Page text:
Two star-crossed lovers navigate romantic confusion, familial interference, and looming war in this novel, set in China in the 1930s and '40s.
Shen Shijun and Gu Manzhen, the central characters of this novel by Chang (1920-1995), are both eminently admirable figures: hardworking, kind to their friends, and dedicated to their families. That they slowly realize their love for one another isn’t much of a surprise since their slow-burning recognition occupies much of the book’s first half. Circumstances soon force them to part, and the interference of Manzhen’s family turns what could have been a brief separation into one that lasts for years. Translator Kingsbury's introduction discusses the book's evolution and the circumstances of its publication, which makes for a compelling story on its own. The original version was published in the early 1950s, then substantially revised, with a political plotline excised for a 1969 edition. Though this is, according to Kingsbury’s telling, Chang’s “most popular novel,” this edition marks its first English translation. And there’s plenty to savor. Chang’s attention to detail is meticulous, and the way the plot navigates societal mores and taboos calls to mind the work of Edith Wharton. The novel’s supporting characters are also unpredictable: a brief comic moment reveals the less-than-charitable thoughts of two of Shijun's relatives upon seeing each other for the first time in years: "It's really awful when a man our age gets sick. One bad spell, and he looks positively geriatric!" “Those false teeth make Jyu-sun look like a buck-toothed granny. What a decline since I last saw him!” Over the course of the novel, romance and regret are interlaced, each one given the appropriate weight.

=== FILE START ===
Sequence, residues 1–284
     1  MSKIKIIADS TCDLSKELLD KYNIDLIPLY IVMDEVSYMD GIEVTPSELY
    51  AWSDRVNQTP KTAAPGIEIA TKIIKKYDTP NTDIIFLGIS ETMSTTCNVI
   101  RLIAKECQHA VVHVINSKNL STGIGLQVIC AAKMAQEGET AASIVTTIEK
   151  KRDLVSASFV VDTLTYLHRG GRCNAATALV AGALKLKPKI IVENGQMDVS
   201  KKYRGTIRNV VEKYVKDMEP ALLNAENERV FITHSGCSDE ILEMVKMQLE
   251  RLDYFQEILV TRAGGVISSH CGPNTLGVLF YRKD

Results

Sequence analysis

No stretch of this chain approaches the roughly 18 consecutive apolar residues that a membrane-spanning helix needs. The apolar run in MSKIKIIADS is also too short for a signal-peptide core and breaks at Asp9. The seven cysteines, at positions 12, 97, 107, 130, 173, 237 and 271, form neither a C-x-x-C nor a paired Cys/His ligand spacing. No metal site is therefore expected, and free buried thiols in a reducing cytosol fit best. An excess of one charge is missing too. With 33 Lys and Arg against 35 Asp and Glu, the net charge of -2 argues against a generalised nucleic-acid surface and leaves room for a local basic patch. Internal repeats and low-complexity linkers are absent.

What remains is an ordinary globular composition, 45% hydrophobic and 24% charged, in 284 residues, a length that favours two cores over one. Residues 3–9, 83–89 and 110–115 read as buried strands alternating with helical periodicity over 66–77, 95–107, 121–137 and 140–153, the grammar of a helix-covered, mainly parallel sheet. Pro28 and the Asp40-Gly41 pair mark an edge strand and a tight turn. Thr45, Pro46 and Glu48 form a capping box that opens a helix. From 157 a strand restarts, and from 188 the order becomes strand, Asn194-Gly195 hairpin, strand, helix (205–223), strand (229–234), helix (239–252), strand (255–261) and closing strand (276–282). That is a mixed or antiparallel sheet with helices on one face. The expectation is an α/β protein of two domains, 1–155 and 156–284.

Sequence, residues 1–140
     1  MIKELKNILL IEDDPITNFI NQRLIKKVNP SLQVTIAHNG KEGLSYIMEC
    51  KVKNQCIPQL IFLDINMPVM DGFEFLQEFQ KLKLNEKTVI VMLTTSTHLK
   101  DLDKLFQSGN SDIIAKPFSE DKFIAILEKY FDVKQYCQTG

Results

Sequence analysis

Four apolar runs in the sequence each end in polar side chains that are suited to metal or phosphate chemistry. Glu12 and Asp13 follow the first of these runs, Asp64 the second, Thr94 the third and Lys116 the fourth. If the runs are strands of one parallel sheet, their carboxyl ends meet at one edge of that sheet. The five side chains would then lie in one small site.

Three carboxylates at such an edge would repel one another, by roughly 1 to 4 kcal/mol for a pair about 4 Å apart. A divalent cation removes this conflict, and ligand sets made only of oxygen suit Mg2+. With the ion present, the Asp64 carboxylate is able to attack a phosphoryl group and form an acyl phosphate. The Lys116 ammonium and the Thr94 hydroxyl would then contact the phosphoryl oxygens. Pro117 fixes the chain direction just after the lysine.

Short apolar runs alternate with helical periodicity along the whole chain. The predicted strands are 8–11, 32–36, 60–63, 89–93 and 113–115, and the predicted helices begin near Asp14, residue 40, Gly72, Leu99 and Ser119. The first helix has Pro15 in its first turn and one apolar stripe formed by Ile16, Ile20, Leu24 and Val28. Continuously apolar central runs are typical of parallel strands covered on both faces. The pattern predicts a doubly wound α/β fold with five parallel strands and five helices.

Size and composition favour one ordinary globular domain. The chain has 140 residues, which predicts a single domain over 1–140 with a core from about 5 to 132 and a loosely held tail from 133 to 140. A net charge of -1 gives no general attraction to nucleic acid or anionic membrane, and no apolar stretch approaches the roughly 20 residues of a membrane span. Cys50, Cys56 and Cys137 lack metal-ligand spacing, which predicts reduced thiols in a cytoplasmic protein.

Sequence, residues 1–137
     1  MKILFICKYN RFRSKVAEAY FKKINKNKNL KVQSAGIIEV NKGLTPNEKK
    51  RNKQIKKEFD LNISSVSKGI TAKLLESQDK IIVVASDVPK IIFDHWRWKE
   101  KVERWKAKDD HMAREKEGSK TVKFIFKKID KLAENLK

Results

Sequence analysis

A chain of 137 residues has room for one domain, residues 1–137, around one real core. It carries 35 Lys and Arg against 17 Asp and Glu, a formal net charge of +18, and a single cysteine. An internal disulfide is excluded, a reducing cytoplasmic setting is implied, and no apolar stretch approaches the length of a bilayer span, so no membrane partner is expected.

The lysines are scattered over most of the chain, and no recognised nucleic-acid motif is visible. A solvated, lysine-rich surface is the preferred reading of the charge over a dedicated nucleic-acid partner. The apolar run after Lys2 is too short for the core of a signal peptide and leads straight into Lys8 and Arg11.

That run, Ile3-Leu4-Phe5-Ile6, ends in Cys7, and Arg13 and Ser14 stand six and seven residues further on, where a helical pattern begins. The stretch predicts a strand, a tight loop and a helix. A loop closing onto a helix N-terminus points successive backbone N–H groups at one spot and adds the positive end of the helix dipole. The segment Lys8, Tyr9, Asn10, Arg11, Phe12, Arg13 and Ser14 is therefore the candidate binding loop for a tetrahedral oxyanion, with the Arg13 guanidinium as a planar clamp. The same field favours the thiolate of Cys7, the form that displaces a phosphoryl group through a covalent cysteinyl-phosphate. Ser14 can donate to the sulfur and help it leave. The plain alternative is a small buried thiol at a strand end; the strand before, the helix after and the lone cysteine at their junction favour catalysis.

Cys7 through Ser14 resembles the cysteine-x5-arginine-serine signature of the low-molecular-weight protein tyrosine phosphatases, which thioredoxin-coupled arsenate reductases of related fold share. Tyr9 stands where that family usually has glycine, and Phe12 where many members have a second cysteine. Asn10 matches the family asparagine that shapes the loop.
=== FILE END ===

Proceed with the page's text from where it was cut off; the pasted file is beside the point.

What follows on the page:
With compelling protagonists and a host of memorable supporting characters, this novel tells an emotionally complex story with a number of powerful moments.